in both Percy Jackson and the Olympians and
The Heroes of Olympus. Meg also knows and fears the Beast, as he
was the one who killed her father, and it was only her stepfather’s training
that kept her from the same fate. And if
that’s not bad enough, Apollo finally manages to put the pieces together and
figures out the Beast’s true identity: the Roman emperor Nero. Turns out that Nero and the other two members
of the Triumvirate copied the gods and found a way to survive on the worship
and offerings of others. Well, I say ‘survive;’
really, these guys are stuck between life and death, which, frankly, makes them
even scarier. Nero was a terrible person
in ancient times, what with his penchant for feeding people to wild animals or using
them as human torches. (Although he
apparently didn’t do the whole fiddle playing thing. Still doesn’t make up for everything else.)
And who is he planning on using to
light up his next party? The missing
campers, of course, who were lured into the forest by the last free Oracle, a
grove of trees known as Dodona. Dodona
has stayed locked up tight and thus remains free, much to Nero’s dismay. The former emperor has been trying a
multitude of tricks to get into the ancient grove, and each time he attacked,
the tress called for help. Demigods from
CHB answered the call, only to be captured by Nero. It was a play that managed to both succeed
and fail; Nero knows that he needs Apollo and Meg, with their respective ties
to the Oracles and to the trees themselves, to get into Dodona, and what better
way to get them to come than to threaten the lives of their friends and families? It’s a standard villain plan, but it works
for Nero, as Meg and Apollo come to the rescue…
Only for Apollo to discover that
Meg has been working for Nero the entire time.
In Meg’s defense, she believes that Nero and the Beast are basically Dr.
Jekyll and Mr. Hyde; the Beast is the one who killed her father, but Nero is
her beloved stepfather, who trained her to fight and gave her her freedom. I felt so bad for Meg at this point. It was obvious she thought she was doing the
right thing, but she begins to doubt Nero when he decides that Dodona can’t be
controlled and must be burned. She wants
to fight back, but she’s terrified to bring out the Beast, believing that any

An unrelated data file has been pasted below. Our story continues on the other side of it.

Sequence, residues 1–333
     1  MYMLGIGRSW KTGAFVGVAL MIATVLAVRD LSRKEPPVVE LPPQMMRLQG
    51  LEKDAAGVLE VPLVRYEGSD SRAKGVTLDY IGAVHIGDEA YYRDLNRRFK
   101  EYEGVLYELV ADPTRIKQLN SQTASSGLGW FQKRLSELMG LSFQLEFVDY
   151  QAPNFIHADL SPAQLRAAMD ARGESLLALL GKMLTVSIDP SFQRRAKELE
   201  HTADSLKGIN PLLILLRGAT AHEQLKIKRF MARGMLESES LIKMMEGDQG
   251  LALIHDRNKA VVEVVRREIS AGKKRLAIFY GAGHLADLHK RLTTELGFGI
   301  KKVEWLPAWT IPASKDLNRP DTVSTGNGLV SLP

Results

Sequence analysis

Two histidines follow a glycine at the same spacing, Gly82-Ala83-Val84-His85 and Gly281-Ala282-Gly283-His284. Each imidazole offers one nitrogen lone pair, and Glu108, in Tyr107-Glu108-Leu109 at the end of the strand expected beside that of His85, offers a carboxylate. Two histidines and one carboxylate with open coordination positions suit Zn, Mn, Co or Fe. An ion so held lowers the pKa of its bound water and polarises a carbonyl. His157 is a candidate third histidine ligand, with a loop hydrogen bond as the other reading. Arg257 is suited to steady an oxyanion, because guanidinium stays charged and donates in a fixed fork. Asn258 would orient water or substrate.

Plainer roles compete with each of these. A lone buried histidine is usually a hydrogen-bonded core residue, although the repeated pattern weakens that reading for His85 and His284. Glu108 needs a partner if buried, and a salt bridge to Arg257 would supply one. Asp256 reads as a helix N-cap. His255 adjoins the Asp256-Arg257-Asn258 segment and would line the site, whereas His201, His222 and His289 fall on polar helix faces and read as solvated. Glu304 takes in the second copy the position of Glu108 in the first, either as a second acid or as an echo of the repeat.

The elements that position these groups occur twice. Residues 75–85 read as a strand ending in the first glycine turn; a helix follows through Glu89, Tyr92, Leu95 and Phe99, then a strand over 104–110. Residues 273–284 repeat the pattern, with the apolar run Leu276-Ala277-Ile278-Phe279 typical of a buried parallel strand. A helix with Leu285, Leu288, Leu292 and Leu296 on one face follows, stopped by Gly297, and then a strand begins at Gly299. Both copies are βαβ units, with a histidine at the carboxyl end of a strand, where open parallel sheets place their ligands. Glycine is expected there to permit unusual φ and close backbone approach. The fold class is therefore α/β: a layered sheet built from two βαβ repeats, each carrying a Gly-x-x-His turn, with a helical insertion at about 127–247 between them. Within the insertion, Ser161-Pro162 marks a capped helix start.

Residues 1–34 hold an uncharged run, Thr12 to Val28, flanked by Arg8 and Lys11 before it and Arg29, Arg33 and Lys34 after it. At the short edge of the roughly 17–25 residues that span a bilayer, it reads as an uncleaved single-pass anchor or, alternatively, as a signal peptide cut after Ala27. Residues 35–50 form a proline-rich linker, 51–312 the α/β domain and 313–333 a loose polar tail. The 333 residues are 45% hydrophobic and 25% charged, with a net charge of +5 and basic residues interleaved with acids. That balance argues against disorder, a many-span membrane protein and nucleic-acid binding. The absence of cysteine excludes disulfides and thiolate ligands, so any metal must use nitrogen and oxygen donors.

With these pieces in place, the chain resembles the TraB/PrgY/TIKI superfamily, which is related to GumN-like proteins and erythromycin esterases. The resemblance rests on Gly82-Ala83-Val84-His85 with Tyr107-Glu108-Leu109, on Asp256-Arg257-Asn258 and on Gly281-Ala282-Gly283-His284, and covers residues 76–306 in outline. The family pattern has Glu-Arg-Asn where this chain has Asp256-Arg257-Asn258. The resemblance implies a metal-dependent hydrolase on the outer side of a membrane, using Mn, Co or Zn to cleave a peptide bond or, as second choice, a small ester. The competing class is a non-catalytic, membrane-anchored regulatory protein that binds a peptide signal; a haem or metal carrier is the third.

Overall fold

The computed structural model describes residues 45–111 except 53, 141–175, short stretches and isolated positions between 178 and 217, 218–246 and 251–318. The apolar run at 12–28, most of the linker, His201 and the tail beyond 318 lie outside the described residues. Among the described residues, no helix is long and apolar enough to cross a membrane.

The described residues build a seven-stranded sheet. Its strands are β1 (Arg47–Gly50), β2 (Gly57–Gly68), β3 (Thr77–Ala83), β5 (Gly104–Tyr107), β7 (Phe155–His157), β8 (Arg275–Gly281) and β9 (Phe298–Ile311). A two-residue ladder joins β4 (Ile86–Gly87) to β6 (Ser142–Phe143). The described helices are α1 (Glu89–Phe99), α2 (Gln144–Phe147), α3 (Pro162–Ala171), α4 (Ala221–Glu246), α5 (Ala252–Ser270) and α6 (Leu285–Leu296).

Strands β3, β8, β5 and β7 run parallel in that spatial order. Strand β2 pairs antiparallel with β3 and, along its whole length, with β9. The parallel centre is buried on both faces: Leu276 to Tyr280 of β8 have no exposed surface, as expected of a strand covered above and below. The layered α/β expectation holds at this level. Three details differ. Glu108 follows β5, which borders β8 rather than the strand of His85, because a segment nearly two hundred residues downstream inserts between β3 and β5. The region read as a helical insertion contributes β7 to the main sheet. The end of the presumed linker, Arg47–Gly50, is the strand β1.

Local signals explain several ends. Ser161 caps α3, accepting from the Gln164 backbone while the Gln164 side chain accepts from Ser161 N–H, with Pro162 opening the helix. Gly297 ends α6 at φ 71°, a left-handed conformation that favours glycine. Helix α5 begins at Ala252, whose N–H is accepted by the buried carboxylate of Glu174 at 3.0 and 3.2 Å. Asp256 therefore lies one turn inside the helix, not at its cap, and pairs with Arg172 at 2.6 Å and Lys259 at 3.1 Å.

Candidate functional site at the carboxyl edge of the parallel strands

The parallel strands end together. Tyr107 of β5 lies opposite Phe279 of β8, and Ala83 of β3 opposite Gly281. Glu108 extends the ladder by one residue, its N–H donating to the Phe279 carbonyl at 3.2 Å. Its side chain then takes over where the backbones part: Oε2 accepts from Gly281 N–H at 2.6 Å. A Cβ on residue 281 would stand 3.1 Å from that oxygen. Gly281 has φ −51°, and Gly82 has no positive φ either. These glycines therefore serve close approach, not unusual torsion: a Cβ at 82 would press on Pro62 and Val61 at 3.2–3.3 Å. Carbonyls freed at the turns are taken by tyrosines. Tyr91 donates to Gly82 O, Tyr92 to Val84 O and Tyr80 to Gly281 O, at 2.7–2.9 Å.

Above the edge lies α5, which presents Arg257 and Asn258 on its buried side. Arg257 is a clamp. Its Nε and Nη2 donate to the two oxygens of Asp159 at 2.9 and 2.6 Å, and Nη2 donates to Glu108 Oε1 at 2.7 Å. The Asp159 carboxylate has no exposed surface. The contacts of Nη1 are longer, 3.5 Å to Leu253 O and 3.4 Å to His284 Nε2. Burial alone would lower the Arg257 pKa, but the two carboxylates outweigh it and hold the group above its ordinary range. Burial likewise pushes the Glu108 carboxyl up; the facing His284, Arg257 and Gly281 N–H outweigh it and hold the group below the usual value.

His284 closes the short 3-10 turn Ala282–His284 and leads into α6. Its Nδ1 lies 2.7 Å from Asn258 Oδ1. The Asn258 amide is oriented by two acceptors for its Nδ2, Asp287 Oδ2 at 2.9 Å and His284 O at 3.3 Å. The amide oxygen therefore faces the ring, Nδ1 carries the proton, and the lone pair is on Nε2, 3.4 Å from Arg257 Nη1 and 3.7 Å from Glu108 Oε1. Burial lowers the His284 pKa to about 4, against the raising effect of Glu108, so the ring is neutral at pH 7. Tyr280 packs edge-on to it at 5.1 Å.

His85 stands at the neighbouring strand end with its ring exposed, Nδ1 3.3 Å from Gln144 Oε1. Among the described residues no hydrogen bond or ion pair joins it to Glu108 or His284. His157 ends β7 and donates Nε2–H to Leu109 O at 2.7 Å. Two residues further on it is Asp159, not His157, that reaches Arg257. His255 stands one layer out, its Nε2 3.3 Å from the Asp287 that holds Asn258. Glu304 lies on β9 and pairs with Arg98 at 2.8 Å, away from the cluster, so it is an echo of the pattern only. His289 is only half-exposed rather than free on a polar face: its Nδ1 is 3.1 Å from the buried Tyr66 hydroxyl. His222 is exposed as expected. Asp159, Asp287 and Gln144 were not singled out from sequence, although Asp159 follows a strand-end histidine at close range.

death and destruction he would inflict would be her fault. Torn, she flees, leaving Apollo to free the
demigods and defeat Nero. Astoundingly,
with some quick thinking and a temporary return of hid godlike powers, Apollo
manages both, leaving Nero to retreat with an ominous warning.
It doesn’t take long to discover
what he’s talking about. Apollo realizes
that the second part of Nero’s plan is the destruction of CHB, and the demigods
race back to camp in time to help fight the battle against Nero’s giant automaton. With some ingenuity, some fancy waterworks
from Percy, and the advice of a talking arrow, the campers manage to defeat the
robot. And they don’t simply stop the
thing, they behead it, thanks to
Apollo’s enchanted plague arrow and a bad case of hay fever. I laughed at the statue sneezing its head
off. Demigods—and now ex-gods—always manage
to find the most creative ways to defeat their enemies. Of course, the unexpected result is that
everyone else in camp gets sick, too, but at least it’s only hay fever. Everyone should be glad Apollo didn’t have
the power to get worse than that.
But the sniffling and sneezing is
largely forgotten with the unexpected return of Leo, Calypso, and Festus. The three had followed Harley’s signal, which
they’d finally managed to pick up thanks to Apollo’s tuning adjustments, and
they’re just in time to take Apollo on his quest to free the remaining Oracles,
as was foretold in one of Dodona’s prophecies.
I loved Leo’s homecoming. He took
everyone’s punches with his typical humor and charm and still managed to catch